In a new study, the pay transparency and compensation data analysis site PayScale surveyed over 160,000 US employees to find out who is asking for raises, who is getting them, and what determines whether a request is granted. It will come as no surprise to leaders versed in the challenges of diversity and inclusion that the survey turned up gender and racial gaps, not in how likely employees were to ask for a raise, but rather in how successful they are in getting them, Aimee Picchi reports at CBS Moneywatch:
Compared with white men, people of color are significantly less likely to receive raises when they ask supervisors for more money. The reason may boil down to bias, although it’s unclear whether it’s due to overt or unconscious bias, said PayScale Vice President Lydia Frank. … Women of color are 19 percent less likely to have received a raise than white men, while men of color are 25 percent less likely, the analysis found. The research found that no ethic group was more or less likely to have asked for a raise than any other group. …
Workers are often told it’s up to them to ask for a raise, but the findings suggest that employers should scrutinize their own processes for distributing pay hikes, Frank added. “If people don’t receive the same consideration, employers have a responsibility to ask how do we ensure everyone is treated fairly,” she noted.
The study did find a meaningful difference between men and women in terms of rationale among those who don’t ask for raises, with 26 percent of women saying they didn’t ask for a raise because they felt uncomfortable negotiating their salaries, compared to 17 percent of men. Still, the study doesn’t support the notion that women experience pay gaps because they are less likely to negotiate their pay; PayScale notes that it found ” no statistically significant difference in the rates at which women of color, white women, men of color and white men ask for raises.”
In the UK, as in the US, persistent wage stagnation has been a painful long-term consequence of the financial crisis and the Great Recession. A new survey from XpertHR finds that employers there are increasingly optimistic about the raises they will be able to offer this year, predicting an average increase of 2.5 percent, Ashleigh Wight reports at Personnel Today:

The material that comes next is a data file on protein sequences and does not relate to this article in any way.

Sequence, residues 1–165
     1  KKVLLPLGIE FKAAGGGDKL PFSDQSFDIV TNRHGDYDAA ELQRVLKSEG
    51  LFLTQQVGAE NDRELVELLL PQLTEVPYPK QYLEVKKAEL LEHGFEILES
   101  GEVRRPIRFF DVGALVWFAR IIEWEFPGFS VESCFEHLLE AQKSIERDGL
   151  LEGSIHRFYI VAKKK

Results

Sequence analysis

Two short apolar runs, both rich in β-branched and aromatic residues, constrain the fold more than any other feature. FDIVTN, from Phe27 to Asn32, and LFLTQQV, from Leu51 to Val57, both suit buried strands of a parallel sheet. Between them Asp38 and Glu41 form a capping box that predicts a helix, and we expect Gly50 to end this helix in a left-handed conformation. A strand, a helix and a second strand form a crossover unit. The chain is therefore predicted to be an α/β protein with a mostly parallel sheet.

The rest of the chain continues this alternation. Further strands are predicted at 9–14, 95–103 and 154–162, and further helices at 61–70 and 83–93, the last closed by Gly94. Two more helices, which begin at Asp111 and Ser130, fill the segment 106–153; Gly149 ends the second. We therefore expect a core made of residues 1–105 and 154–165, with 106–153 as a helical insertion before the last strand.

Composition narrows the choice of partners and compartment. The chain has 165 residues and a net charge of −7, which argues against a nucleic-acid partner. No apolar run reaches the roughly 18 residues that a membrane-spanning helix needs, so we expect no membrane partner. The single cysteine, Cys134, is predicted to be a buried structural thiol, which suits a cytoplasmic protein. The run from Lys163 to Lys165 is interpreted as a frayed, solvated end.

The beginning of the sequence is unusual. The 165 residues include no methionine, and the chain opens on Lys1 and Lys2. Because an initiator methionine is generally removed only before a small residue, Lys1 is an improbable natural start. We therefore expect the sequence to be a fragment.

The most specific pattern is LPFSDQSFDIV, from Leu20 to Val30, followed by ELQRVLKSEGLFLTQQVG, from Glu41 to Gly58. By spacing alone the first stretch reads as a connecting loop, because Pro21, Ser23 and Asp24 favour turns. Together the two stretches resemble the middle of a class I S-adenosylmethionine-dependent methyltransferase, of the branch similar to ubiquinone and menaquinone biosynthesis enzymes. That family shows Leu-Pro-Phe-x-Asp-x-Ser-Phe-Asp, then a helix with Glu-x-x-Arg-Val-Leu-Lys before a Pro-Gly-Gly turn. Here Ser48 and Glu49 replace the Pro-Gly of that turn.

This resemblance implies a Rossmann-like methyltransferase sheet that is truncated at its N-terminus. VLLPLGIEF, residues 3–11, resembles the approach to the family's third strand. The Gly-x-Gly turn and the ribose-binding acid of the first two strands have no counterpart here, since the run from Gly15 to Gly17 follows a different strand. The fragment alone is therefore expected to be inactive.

A survey of more than 200 private sector employers found that they were more optimistic about the pay increases they plan to offer their staff in 2018 than six months ago, when they expected to offer a 2% pay rise. Of the organisations surveyed, the most common pay award prediction remained at 2%, with 28.9% of employers expecting to offer this level of increase. One in 10 (11.4%) employers forecast a pay increase of 4% or more, while just 5.3% of employers predicted a pay freeze.
In the three months to the end of February, XpertHR found there was a 2.5% median basic pay increase, based on data from 169 pay awards. … XpertHR pay and benefits editor Sheila Attwood said: “It is several years since employers have been so optimistic about prospects for pay rises. If private sector pay awards stick at 2.5% over the course of the year, this will mark the first time since 2012 that increases have been consistently above 2%.”
These findings mirror a survey of US employers conducted in the last quarter of 2017, which registered growing levels of business optimism and predicted that wages could rise 4.27 percent in the coming year, compared to the 3.39 percent figure PwC found in Q3 and just 2 percent a year ago.
Reports issued recently by two leading think tanks paint very different pictures of the economic outlook for UK workers, however. In early November, the Resolution Foundation asserted that the average pay package in Britain in 2022 would still be £20 lower than it was before the financial crisis, according to the Guardian: